• Gx depends on the quality of the incident beam
    (IEC publication 573 recommends HVL of 7 ? 0.2 mm
    Al)
  • Gx depends on
  • the applied tube potential
  • the diameter (?) of the input screen
  • I.I. input screen (?) of 22 cm ? Gx 200
  • I.I. input screen (?) of 16 cm ? Gx 200 x
    (16/22)2 105
  • I.I. input screen (?) of 11 cm ? Gx 200 x
    (11/22)2 50

20
Image intensifier parameters (II)
  • Brightness Uniformity the input screen
    brightness may vary from the center of the I.I.
    to the periphery

Uniformity (Brightness(c) - Brightness(p)) x
100 / Brightness(c)
  • Geometrical distortion all X Ray image
    intensifiers exhibit some degree of pincushion
    distortion. This is usually caused by either
    magnetic contamination of the image tube or the
    installation of the intensifier in a strong
    magnetic environment.

21
Image distortion
22
Image intensifier parameters (III)
  • Spatial resolution limit the value of the
    highest spatial frequency that can be visually
    detected
  • it provides a sensitive measure of the state of
    focusing of a system
  • it is quoted by manufacturer and usually measured
    optically and under fully optimized conditions.
    This value correlates well with the high
    frequency limit of the Modulation Transfer
    Function (MTF)
  • it can be assessed by the Hüttner resolution
    pattern which should contain several cycles at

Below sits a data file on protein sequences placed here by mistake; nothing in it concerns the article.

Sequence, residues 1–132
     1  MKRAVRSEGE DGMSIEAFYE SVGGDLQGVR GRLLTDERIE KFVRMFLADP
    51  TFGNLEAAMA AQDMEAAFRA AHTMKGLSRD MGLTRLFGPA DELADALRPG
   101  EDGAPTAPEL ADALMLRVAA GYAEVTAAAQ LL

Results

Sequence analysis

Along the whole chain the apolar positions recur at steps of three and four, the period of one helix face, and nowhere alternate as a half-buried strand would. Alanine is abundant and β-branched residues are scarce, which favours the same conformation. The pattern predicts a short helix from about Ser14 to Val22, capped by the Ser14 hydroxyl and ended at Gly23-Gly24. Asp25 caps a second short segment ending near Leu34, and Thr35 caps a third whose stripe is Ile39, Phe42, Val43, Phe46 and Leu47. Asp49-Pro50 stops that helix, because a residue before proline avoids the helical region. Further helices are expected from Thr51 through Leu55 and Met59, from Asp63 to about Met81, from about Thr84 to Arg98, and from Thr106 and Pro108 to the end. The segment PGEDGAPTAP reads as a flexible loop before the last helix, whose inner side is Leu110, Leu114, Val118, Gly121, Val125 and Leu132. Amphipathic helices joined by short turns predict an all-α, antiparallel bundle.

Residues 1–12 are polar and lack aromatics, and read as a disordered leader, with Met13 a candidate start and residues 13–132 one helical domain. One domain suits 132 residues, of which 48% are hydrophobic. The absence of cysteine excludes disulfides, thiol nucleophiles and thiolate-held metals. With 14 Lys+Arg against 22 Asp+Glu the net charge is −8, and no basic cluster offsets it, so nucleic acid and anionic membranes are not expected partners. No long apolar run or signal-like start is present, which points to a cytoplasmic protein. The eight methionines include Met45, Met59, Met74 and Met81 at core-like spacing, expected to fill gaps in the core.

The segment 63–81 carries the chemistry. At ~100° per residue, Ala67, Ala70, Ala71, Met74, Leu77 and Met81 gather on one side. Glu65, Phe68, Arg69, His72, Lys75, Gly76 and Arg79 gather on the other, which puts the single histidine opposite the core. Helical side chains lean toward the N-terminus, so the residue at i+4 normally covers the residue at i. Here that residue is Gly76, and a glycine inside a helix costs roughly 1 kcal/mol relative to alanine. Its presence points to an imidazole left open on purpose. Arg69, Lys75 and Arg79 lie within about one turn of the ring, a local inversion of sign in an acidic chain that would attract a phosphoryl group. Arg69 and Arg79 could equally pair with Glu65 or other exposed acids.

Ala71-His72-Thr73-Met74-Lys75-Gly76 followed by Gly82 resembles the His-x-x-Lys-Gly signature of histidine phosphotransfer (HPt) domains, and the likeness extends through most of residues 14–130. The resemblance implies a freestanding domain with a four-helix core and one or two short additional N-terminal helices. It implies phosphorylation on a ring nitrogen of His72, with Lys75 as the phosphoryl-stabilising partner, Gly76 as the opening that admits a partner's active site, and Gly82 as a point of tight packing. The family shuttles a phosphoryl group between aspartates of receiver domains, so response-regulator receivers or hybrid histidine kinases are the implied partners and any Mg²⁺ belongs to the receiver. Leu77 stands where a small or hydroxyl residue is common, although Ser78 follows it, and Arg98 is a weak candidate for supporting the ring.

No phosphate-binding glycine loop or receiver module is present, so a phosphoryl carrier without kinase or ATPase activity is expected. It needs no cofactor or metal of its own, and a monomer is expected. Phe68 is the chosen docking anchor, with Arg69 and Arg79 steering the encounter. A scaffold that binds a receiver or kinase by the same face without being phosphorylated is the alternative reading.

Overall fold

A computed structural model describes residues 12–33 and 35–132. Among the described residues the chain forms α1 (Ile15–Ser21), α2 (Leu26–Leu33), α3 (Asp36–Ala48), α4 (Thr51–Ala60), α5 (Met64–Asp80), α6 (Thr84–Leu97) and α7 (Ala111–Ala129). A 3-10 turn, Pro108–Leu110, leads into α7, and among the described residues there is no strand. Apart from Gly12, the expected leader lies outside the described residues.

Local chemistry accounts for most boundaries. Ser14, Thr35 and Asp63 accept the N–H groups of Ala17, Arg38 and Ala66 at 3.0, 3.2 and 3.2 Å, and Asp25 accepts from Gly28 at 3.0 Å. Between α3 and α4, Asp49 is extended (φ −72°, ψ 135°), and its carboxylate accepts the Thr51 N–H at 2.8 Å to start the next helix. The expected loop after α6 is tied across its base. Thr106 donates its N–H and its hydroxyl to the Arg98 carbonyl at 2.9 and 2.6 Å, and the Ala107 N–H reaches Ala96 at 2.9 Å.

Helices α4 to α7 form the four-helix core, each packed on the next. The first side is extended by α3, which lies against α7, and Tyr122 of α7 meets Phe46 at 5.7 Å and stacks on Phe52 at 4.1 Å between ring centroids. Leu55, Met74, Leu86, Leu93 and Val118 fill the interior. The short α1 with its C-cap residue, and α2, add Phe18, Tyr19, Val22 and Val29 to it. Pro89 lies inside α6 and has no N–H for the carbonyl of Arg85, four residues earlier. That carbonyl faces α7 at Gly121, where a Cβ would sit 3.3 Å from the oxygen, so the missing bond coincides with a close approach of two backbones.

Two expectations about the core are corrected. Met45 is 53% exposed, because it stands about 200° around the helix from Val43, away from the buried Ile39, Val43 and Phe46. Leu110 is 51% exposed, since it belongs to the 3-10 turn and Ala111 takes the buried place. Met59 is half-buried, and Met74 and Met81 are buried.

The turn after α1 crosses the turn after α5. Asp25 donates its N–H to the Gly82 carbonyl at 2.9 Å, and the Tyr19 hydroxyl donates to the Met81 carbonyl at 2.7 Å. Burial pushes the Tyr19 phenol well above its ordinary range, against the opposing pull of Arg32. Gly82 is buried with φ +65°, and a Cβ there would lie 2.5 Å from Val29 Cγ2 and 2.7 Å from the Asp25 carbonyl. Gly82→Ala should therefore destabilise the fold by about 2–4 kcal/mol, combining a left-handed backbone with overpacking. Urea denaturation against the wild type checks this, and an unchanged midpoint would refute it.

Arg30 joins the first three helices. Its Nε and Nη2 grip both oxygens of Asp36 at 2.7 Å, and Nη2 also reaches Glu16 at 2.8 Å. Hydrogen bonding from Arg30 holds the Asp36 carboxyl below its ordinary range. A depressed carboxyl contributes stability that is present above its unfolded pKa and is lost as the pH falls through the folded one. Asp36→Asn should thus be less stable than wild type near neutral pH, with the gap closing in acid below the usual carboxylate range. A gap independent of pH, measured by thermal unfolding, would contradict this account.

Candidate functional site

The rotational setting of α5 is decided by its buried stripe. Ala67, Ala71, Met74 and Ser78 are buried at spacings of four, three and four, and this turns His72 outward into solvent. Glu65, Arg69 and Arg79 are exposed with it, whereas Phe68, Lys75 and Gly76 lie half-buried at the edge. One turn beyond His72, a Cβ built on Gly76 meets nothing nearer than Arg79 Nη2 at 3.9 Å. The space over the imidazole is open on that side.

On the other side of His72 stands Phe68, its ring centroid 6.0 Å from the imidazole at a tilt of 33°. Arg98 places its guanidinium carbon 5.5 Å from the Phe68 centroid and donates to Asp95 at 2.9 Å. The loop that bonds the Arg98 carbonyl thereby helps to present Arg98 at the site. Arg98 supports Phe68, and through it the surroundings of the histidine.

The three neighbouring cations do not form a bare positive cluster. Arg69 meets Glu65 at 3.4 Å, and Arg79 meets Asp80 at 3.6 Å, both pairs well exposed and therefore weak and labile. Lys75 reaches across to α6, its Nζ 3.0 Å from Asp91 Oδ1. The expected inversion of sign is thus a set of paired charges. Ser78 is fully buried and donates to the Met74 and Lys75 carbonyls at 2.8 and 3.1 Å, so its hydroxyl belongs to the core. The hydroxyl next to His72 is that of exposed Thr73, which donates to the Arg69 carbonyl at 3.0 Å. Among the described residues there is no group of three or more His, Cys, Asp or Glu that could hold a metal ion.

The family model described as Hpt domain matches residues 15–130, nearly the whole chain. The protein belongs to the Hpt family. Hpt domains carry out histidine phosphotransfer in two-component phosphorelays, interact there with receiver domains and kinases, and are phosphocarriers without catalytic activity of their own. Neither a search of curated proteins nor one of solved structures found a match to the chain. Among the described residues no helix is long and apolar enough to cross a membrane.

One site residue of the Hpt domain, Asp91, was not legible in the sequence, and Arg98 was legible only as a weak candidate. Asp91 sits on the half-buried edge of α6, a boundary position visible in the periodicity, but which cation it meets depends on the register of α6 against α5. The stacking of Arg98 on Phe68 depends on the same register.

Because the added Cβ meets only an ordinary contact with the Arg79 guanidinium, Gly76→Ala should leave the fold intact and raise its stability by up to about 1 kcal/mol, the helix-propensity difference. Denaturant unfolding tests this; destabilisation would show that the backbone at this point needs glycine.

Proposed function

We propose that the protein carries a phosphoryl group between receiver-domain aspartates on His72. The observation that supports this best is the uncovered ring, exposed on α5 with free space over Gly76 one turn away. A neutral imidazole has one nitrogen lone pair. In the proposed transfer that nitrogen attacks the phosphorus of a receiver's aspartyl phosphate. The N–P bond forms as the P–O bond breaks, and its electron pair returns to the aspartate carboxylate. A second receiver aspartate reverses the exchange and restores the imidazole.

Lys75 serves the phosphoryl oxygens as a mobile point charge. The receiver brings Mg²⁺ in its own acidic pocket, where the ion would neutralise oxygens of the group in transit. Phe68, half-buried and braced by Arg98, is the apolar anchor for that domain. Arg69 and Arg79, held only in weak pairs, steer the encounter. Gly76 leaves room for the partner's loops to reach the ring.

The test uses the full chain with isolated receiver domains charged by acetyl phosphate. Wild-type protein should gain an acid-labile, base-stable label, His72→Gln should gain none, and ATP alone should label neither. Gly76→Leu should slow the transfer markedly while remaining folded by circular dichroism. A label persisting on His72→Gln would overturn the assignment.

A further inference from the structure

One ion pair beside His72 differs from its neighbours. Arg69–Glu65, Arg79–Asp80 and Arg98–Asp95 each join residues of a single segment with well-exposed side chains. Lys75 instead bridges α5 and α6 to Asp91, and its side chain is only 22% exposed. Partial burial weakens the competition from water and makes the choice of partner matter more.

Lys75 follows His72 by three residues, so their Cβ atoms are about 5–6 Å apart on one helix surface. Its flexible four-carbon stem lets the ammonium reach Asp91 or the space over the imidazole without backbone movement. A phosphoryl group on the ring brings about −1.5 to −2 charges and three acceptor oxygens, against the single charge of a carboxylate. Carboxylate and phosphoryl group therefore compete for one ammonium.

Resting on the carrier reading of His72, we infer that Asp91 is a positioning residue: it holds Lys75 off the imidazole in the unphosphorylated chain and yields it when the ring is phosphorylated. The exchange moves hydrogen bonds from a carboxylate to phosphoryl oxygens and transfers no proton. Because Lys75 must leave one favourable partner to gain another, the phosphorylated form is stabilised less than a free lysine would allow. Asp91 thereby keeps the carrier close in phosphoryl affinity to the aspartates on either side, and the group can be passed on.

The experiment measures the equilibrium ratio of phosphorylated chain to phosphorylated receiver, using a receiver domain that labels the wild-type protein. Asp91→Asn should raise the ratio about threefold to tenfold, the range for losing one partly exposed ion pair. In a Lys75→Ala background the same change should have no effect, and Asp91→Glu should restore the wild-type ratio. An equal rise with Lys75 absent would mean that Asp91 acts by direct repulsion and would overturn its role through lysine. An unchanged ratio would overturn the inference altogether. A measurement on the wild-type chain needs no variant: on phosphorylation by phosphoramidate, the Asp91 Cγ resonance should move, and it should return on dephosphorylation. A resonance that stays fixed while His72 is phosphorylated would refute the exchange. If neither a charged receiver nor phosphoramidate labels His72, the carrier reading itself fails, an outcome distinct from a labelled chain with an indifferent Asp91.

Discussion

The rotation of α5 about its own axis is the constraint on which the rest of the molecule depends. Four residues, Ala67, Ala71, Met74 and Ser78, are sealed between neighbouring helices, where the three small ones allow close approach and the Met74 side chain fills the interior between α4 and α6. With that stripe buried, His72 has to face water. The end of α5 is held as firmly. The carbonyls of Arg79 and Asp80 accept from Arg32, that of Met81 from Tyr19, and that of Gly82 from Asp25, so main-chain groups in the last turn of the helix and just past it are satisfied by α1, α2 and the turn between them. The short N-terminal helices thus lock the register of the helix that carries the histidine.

each frequency in order to simulate the
    periodicity

23
Line pair gauges
24
Line pair gauges
  • GOOD RESOLUTION POOR RESOLUTION

25
Image intensifier parameters (IV)
  • Overall image quality - threshold contrast-detail
    detection
  • X Ray, electrons and light scatter process in an
    I.I. can result in a significant loss of contrast
    of radiological detail. The degree of contrast
    exhibited by an I.I. is defined by the design of
    the image tube and coupling optics.
  • Spurious sources of contrast loss are
  • accumulation of dust and dirt on the various
    optical surfaces
  • reduction in the quality of the vacuum
  • aging process (destruction of phosphor screen)
  • Sources of noise are
  • X Ray quantum mottle
  • photo-conversion processes, film granularity,
    film processing

26
Image intensifier parameters (V)
  • Overall image quality can be assessed using a
    suitable threshold contrast-detail detectability